(雲潮; fl. late 18th century)
Edo period, 1796
Hanging scroll; ink, color, and gold on silk
92.7 x 34 cm (36 1/2 x 13 3/8 in.)
Painted by Unchō in the eleventh month of 1796
by Santō Kyōden (1761–1816)
Anyone can break off the branch of a willow by the roadside or pick a flower from a fence. / Even Saigyō has not yet seen Yoshiwara in the season of flowers.
Inscribed by Santō Kyōden
“Deer Fence,” poem by Wang Wei (ca. 701–761)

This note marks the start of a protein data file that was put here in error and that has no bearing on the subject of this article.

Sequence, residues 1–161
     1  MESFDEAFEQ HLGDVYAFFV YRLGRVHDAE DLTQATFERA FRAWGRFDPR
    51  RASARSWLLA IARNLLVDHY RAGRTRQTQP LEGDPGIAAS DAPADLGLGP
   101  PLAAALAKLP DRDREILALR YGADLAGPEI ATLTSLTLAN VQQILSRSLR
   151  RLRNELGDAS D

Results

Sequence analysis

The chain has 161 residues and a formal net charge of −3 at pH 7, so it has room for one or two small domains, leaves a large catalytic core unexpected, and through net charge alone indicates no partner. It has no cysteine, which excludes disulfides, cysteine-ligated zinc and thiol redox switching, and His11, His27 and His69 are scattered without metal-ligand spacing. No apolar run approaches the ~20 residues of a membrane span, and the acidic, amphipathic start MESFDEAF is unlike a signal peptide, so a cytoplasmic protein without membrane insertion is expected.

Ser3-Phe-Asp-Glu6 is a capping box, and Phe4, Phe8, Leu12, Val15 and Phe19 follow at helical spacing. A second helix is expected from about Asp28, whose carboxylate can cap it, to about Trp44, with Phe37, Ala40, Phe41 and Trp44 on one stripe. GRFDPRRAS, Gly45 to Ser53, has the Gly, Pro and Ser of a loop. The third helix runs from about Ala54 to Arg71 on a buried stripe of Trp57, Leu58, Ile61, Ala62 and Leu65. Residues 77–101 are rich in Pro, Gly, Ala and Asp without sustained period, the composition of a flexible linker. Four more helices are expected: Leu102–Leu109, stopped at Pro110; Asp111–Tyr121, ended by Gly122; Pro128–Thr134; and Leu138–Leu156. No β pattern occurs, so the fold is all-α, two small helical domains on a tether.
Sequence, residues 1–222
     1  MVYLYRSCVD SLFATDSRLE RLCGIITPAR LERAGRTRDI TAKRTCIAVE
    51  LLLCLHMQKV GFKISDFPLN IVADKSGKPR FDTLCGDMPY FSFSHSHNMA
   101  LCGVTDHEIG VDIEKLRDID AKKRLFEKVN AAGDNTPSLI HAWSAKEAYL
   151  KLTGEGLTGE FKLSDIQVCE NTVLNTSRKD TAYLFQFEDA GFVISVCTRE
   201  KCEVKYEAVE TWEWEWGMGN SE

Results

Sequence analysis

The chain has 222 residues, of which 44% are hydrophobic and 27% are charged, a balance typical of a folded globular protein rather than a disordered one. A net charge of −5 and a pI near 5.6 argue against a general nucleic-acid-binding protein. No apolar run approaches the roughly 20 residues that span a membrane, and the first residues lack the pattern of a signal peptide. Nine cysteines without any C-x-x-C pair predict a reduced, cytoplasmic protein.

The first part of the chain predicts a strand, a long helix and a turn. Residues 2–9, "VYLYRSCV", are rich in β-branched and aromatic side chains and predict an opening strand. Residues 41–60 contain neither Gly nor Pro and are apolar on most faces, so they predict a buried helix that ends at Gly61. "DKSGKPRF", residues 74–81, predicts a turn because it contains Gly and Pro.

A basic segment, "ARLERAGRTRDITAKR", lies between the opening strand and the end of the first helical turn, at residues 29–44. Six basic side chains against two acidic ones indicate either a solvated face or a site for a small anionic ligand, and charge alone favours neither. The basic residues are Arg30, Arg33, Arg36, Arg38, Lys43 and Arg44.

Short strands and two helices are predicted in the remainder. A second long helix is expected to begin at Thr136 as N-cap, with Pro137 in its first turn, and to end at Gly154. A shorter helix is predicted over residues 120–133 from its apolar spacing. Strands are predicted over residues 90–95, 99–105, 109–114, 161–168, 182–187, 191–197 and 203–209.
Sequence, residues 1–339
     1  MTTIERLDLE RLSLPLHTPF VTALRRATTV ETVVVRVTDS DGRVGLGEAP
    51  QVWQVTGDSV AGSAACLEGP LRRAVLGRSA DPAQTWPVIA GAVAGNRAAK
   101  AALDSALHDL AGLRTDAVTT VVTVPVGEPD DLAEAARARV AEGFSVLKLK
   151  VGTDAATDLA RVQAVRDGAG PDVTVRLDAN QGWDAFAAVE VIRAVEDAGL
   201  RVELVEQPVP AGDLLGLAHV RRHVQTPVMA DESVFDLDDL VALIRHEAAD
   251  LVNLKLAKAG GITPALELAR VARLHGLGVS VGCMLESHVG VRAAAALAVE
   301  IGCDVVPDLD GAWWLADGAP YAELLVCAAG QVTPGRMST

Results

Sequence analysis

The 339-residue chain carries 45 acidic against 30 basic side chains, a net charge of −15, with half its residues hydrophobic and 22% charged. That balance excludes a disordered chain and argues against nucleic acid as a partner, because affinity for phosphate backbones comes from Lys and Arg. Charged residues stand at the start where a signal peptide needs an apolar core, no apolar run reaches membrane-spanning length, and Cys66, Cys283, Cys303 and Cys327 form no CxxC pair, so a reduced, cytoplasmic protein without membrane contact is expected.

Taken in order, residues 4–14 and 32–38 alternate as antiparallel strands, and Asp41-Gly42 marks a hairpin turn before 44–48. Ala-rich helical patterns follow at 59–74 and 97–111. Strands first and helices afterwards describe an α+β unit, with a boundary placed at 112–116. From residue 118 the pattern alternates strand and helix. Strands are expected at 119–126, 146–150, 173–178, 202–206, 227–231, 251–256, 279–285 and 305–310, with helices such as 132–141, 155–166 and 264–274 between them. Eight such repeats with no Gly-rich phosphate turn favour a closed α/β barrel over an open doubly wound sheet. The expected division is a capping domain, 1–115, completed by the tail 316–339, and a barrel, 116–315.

Empty mountains, no one in sight. / [I] hear only the sound of someone talking. / Setting sunlight enters the deep woods, / shining again over the green moss.
by Takizawa Bakin (1767–1848)
The house of Yoshiwara is north of Kinryūzan; / the courtesan thinks often of Thousand-Armed Kannon. / She lies on three layers of quilts and touches the bodies of ten thousand men. / Yet lice never cling to the collars of her wealthy customers; / such is the disposition of the women of Yoshiwara.
Playfully inscribed by Kyokutei Bakin